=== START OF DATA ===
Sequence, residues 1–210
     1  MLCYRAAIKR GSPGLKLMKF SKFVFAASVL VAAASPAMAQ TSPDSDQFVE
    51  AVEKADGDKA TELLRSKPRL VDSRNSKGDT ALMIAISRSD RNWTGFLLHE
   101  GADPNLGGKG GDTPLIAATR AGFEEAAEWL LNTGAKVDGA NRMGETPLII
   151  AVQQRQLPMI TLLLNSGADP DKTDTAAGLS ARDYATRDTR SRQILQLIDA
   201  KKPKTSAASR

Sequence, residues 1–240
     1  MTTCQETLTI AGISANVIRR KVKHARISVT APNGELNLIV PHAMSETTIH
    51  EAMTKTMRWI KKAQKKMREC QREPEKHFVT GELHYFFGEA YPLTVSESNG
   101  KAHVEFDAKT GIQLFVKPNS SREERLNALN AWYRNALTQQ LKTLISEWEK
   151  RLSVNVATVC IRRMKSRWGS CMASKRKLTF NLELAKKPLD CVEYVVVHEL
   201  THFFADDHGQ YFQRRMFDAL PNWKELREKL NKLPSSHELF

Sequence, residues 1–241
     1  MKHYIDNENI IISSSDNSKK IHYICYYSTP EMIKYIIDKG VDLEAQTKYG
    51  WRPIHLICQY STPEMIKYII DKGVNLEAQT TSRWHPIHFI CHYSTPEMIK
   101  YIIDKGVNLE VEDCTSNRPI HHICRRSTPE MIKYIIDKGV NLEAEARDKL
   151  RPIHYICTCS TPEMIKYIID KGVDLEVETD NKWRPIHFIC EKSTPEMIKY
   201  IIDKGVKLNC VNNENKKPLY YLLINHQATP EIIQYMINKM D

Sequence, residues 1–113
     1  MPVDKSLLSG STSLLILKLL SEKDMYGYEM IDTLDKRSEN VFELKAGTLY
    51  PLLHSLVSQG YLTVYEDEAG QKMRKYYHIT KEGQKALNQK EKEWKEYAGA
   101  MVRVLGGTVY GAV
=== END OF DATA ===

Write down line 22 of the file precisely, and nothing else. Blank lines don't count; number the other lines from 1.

   101  MVRVLGGTVY GAV